During a student's freshman year, the selection process for an academy is finalized. In the second quarter of Connections, students explore several career options so they can select an academy for their remaining high school career. In late December, early January, freshmen are divided into similar interest groups of 10 to 15 to meet with Ragan, one of the five Blair, lead academy teachers and one of the two ninth grade school counselors. A maximum of five students are paired with each adult in order to establish a more effective, pre-planning system.
Throughout the year, teachers and counselors have strived to advertise Blair's academy electives, according to Ragan. At the beginning of second semester, department heads and teachers offered flyers on different classes, developed a Power Point presentation for students and talked one-on-one with interested individuals to help plan their schedule next year.
The current and future freshmen of the DCC are required to enroll in academy courses; however, sophomores are only encouraged. The current juniors and seniors are unaffected by these programs but have the option of enrolling in specialized academy classes.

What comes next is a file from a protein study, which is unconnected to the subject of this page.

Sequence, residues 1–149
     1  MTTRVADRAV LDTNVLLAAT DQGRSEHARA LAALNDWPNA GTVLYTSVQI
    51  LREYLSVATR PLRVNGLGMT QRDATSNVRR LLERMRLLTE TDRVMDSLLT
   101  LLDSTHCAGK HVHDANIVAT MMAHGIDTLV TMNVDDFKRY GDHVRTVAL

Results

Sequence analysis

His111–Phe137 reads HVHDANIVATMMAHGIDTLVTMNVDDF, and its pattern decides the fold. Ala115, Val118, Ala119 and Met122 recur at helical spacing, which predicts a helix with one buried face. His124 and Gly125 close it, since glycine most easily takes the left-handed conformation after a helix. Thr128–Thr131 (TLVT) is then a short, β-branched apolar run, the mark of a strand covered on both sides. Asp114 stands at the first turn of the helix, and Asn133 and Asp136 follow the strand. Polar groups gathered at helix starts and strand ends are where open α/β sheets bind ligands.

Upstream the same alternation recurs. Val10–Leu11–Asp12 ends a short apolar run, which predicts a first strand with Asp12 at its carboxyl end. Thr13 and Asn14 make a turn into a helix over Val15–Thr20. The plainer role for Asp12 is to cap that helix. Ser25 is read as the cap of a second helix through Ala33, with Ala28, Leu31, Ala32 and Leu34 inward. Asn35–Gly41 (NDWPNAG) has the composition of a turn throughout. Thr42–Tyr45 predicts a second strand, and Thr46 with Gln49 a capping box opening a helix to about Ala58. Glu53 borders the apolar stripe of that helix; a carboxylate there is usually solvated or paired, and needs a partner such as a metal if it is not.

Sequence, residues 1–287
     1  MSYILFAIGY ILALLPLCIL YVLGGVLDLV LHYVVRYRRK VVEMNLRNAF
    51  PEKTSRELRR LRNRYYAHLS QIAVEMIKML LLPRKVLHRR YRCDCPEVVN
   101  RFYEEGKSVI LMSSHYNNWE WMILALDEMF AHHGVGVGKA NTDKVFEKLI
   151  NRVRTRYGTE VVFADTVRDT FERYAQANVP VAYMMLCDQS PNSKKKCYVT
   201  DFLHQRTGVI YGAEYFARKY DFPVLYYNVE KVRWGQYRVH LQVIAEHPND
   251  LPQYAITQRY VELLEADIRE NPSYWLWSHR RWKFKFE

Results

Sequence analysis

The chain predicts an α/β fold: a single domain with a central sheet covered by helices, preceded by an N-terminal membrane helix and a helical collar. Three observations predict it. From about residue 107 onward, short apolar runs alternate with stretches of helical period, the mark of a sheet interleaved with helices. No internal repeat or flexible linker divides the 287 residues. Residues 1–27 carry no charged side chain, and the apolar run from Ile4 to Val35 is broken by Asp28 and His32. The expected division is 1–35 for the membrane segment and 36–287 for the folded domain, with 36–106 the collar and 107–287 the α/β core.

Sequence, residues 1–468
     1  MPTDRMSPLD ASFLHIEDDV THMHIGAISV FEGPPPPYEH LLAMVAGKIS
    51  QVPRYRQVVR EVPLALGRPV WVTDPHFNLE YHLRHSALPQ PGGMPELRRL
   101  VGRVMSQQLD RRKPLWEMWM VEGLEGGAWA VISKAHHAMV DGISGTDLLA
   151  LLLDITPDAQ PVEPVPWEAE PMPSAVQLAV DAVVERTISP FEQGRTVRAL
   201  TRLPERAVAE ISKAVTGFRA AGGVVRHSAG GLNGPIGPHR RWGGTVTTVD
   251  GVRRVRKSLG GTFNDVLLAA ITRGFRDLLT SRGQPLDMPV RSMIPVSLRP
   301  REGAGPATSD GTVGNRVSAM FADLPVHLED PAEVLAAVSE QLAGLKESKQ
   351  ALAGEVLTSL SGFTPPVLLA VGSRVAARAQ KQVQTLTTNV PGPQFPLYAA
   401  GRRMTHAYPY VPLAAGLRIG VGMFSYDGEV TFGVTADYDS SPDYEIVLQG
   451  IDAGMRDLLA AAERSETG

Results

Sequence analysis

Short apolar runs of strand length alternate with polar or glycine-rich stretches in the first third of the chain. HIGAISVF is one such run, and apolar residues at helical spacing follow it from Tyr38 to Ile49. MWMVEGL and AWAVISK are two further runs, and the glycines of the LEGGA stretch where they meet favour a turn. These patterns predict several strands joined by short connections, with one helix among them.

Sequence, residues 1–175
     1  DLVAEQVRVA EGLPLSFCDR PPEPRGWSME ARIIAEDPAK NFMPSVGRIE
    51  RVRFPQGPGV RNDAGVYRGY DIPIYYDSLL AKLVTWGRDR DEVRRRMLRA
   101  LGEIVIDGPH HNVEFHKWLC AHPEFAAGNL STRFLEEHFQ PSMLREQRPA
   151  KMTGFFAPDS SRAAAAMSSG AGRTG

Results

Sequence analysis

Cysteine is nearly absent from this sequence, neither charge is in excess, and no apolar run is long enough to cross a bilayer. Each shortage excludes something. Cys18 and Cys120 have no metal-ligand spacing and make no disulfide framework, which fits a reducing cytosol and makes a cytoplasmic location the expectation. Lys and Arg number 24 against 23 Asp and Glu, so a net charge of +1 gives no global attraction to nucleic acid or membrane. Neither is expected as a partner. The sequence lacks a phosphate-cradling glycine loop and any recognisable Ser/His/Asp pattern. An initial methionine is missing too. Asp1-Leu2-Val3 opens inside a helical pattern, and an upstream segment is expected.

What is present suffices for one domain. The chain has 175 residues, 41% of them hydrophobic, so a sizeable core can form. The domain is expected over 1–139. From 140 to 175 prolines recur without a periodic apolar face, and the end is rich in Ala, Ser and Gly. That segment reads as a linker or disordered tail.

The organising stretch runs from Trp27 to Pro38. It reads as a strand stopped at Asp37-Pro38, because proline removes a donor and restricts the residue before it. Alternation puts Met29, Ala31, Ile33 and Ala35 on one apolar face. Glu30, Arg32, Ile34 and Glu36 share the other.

Connections and Matter and Energy teacher Wendell Hall feels the new ninth grade teams have especially given students more one-on-one attention with their teachers. "Having the kids on team has helped in the sense that we've been able to track their progress more than in previous years," he noted.
Another important change in the DCC is the county's initiative to better prepare teachers for their Connections and academy courses. "The benefit of the Consortium is that the teachers are trying to problem solve together," Ragan said of this year's program.
Last August, there was a two-day training session for Connections teachers in the DCC to review the curriculum. "[The training] has provided a vehicle for more sharing. The curriculum is much more complete, and the [preparation] is better," explained Ragan.